But still, think about it. Once software has captured the business's response to its challenges, it needs someplace to run. That used to be -- often still is -- the enterprise datacenter. But what if the engineers have done such a good job, solved the challenge so well, that new customers are arriving in droves? The datacenter server cluster is chugging along as best it can, but no one anticipated this much success when the IT budget was drawn up.
Michael Jackson was a rock star who, through much of his life, created and sold a steady amount of music. When he died, there was a sudden and seemingly insatiable appetite for his music. The online music store servers chugged and chugged, but they couldn't come anywhere near to keeping up with demand. The wave crested, broke, and receded. So did the opportunity.
To many in this New Age of Software, it's an article of faith that software that reflects big ambitions must have a big platform on which to run. It may not need it all the time, but when its moment of truth arrives, the platform needs to be as big as the opportunity. What agile and continuously improved software needs is an elastic resource, one that can expand with the business. You can't draw a line where that expansion might stop. It needs, theoretically, to be infinite.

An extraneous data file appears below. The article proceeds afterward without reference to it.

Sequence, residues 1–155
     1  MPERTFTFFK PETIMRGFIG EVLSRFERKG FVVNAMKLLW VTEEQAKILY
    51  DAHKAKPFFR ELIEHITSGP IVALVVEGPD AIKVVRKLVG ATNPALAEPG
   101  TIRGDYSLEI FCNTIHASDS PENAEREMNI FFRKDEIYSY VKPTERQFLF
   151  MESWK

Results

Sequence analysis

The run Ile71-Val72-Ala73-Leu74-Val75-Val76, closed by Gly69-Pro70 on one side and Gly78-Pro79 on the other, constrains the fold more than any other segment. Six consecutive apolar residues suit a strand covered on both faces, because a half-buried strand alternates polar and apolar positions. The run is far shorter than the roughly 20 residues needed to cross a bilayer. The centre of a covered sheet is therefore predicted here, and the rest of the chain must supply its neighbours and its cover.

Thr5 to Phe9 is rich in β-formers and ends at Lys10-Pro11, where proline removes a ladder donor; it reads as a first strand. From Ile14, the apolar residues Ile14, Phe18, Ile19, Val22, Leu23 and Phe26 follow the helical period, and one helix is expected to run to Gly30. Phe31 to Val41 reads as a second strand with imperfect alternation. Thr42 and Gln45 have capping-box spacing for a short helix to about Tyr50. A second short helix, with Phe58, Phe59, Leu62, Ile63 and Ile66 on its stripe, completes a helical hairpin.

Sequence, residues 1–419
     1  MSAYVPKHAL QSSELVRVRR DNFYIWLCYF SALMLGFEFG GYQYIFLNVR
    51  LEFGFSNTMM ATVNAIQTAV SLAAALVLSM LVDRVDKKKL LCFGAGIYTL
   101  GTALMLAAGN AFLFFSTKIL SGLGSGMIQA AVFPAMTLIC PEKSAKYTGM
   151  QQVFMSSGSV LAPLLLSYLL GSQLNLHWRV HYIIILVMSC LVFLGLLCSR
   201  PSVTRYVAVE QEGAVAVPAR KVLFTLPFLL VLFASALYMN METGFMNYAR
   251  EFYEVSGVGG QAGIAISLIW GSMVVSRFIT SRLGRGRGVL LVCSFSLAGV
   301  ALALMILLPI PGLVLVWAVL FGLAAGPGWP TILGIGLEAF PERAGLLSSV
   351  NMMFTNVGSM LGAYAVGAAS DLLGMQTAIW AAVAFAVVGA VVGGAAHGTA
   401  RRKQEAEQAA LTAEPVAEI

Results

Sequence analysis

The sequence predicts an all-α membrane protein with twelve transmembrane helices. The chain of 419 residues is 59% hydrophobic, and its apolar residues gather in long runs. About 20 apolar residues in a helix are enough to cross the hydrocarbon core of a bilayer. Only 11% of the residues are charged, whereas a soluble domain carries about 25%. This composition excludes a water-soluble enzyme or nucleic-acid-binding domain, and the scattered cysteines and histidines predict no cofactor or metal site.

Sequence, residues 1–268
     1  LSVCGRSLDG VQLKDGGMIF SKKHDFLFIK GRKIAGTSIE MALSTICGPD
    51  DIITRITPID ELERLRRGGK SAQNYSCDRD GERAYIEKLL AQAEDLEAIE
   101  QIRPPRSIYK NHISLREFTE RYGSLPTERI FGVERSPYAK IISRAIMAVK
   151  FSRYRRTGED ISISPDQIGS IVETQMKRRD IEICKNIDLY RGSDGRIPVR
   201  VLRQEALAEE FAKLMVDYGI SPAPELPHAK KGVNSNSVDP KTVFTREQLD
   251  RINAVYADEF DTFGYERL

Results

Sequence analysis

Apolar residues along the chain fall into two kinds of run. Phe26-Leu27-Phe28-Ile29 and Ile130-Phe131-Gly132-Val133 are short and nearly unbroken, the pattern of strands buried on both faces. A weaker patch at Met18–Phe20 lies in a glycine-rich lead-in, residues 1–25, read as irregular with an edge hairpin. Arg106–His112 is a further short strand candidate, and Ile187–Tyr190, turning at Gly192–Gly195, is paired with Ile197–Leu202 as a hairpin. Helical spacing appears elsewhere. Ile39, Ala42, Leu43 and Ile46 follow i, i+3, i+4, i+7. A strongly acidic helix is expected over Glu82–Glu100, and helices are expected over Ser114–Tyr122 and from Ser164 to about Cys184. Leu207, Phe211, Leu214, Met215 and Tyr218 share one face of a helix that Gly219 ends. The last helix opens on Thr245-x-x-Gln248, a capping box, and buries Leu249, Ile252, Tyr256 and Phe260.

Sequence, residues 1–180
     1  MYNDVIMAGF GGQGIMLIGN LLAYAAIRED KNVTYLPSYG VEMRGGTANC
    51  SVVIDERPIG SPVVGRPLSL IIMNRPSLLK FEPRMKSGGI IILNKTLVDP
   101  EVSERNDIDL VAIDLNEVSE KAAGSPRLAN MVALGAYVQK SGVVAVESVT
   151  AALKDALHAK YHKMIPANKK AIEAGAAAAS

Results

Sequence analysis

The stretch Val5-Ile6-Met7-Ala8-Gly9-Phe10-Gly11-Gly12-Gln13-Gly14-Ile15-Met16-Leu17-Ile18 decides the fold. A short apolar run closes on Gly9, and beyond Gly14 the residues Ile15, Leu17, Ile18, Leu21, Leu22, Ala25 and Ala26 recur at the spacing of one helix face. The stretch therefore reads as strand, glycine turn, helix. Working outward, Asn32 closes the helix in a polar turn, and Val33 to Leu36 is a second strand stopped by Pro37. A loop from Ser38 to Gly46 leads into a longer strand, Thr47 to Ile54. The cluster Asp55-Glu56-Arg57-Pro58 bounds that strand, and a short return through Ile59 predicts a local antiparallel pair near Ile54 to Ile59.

That's not the cloud, but almost. The cloud offers its users the illusion of infinity. Somewhere there's a physical limit, but with many thousands of users and some overhead margin for each, there's a very large surplus capacity built into the platform that can be tapped at any one time. And if it gets tapped out, there may be an associated cloud datacenter with its own surplus. To the user who needs that surplus, the cloud is an infinite resource.
It's not enough to compose excellent software that constantly adjusts to the changing nature of the business. That software must have a suitable place to run, one whose merits can reflect its ability to seize the moment and capitalize on it. That doesn't mean that we're searching anymore for the latest chips, servers, and switches. It now means the software cloud -- which can fire up virtual servers, networks, and storage; compensate for any hardware component's failure; and keep all systems running. Finally, we have the intelligent environment we've been seeking to run our brilliant business software.
Agile, DevOps, and cloud are an almost-holy triumvirate in terms of the belief systems they marshal and engineering aspirations they contain. They're all trying to do the same thing: give software, and software alone, its chance to triumph over the many competitive hurdles and perils that await us. If software is everything, then embracing the mantras of agile, DevOps, and cloud is one way to invoke its power. And in doing so, we hope to move ourselves, our organizations, and our whole culture another step closer to Nirvana.
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Charles Babcock is an editor-at-large for InformationWeek, having joined the publication in 2003. He is the former editor-in-chief of Digital News, former software editor of Computerworld and former technology editor of Interactive Week. He is a graduate of Syracuse ... View Full Bio